Once you chant Odaimoku, Namu Myōhō Renge Kyō, the seed of Buddhahood is sown in your mind (soul). This is called Honnin-Geshu 本因下種.
In the chapter 16 The Life-span of Buddha 如来寿量品第十六, Primordial Buddha revealed that he had already attained enlightenment in the distant past by practicing Bosatsu-gyō 菩薩行 (Bodhisattva training) for an immeasurably long period of time. Then what is the practice to become a Buddha, Bosatsu-gyō? In the distant past when Buddha was still a human being just like us, he chanted Odaimoku, Namu Myōhō Renge Kyō, and spread the Odaimoku to others to lead them all to the same Buddhahood as he attained. Therefore, Bosatsu-gyō means two kinds of training: chanting Namu Myōhō Renge Kyō and spreading it to others.
This practice that Primordial Buddha has done is also called Honnin-myōgyō 本因妙行. Hon 本 literally means “real” as explained in the article What is the Lotus Sutra?. It also means “the origin,” so Hon expresses “the origin” of “real” Buddha’s achieving enlightenment at the very beginning. Nin (In) 因 means “the cause” that Primordial Buddha attained enlightenment. Myō 妙 is the word to express and praise the virtue of Buddha, and Gyō 行 means “practice.” So, Myōgyō 妙行 is the practice that Primordial Buddha has done to open Buddhahood and we praise his achievement using this word. Therefore, Honnin-myōgyō means “the practice which is the cause (origin) of enlightenment of Primordial Buddha.”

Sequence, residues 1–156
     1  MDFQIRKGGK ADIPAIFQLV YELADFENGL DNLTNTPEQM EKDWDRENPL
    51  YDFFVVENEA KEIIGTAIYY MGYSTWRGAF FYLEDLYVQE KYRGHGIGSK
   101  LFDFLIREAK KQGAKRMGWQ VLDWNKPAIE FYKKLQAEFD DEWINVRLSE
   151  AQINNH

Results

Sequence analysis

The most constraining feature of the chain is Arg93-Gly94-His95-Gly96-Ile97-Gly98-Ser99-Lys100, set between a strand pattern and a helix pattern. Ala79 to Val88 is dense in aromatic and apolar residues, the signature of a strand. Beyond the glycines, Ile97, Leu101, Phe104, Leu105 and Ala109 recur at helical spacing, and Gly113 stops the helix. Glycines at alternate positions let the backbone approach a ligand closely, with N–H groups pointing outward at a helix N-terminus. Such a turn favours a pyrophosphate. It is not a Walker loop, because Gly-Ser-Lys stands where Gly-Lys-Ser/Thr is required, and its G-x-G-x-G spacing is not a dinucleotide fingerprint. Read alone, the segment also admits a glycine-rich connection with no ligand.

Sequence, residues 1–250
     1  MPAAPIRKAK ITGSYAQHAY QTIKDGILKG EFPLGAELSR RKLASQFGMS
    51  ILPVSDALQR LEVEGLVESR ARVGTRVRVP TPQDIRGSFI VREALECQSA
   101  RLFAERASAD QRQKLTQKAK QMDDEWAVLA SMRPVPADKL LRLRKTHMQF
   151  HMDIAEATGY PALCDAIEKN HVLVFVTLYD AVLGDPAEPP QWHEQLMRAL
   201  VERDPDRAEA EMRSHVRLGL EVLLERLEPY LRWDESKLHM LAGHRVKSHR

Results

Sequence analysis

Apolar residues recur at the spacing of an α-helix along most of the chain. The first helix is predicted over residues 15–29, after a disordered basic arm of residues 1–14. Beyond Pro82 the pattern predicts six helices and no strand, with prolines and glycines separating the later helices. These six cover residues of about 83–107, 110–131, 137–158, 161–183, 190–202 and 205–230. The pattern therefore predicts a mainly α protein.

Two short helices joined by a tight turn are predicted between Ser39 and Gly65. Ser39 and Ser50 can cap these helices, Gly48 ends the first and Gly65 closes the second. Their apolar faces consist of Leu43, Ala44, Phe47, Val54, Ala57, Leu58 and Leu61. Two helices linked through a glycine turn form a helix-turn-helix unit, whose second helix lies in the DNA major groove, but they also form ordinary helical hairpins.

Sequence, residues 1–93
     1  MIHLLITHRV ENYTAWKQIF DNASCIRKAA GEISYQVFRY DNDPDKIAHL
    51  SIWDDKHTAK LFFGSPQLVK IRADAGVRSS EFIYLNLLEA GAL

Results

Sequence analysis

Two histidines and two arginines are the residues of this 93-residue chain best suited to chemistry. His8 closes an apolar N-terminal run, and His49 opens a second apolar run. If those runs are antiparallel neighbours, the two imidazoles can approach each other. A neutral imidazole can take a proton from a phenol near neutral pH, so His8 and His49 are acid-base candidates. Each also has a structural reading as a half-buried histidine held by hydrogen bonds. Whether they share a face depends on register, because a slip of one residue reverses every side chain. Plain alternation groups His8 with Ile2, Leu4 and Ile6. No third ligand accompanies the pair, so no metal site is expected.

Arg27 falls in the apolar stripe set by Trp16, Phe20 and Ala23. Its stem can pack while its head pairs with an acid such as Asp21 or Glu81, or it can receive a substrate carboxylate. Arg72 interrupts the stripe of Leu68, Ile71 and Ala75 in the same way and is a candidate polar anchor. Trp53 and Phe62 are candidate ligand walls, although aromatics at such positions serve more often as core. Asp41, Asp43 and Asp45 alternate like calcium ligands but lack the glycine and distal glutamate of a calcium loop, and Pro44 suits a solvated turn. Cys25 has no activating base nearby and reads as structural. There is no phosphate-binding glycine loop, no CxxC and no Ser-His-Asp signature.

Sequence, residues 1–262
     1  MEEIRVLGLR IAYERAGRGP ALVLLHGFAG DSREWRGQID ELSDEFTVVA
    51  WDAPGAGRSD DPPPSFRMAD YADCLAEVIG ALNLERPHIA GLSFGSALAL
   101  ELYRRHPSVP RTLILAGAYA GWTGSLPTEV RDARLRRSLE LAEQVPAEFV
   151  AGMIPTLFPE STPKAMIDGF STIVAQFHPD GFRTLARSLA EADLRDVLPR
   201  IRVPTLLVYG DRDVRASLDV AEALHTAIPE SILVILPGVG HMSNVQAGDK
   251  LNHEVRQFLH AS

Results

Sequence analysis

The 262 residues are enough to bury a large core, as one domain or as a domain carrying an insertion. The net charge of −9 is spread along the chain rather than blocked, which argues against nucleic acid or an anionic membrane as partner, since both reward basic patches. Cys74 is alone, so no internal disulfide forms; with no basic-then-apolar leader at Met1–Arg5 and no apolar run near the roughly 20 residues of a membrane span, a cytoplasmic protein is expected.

Actually, the whole of Honmon Happon is the teaching about Honnin-myōgyō (how Primodial Buddha himself has attained Buddhahood). At the end of Honmon Happon he entrusted Odaimoku, Namu Myōhō Renge Kyō, that is the seed of Buddhahood, to Jōgyō Bodhisattva and ordered him to lead all people who live in Mappō period to Buddhahood.
A seed naturally contains a sprout and if taken care of it flowers. Therefore, if you believe in the power of Odaimoku joyfully and chant it even once, the seed of Buddhahood is sown in your mind. After that, we only have to keep chanting Odaimoku and spread it to others to sow the seed of Buddhahood in their mind the same way Primordial Buddha did so we can achieve Buddhahood ourselves, i.e. get the seed to flower. Sowing the seed in our mind and others’ by chanting Odaimoku is called Geshu 下種. In conclusion, Honnin-geshu means chanting Odaimoku that is the seed of Buddhahood (i.e. planting the seed of Buddhahood).
For the above reasons in Honmon Butsuryū Shū we always recite “Honmon Happon shoken 本門八品所顕, Jōgyō shoden 上行所伝, Honnin-geshu no Namu Myōhō Renge Kyō 本因下種之南無妙法蓮華経” before beginning Kushō-gyō 口唱行 (the practice of chanting Odaimoku). Honmon Happon Shoken literally means “revealed in Honmon Happon,” Jōgyō shoden means “handed down by Jōgyō Bodhisattva (Nichiren Shōnin)” and Honnin-geshu no means, “which is able to sow the seed of Buddhahood.” This is to tell the Gohonzon 御本尊 (the object of worship) that we will be chanting the “correct” or “genuine” Odaimoku that was revealed in Honmon Happon and handed down from Primordial Buddha by Jōgyō Bodhisattva. By chanting Odaimoku preceded by this recitation (Honmon Happon shoken…), we can accumulate Kudoku 功徳 (the merits of Buddha’s enlightenment) in our mind and body.
Then what exactly happens to us if we chant Honmon Happon shoken, Jōgyō shoden, Honnin-geshu no Namu Myōhō Renge Kyō? Let’s take a look at it in the next article.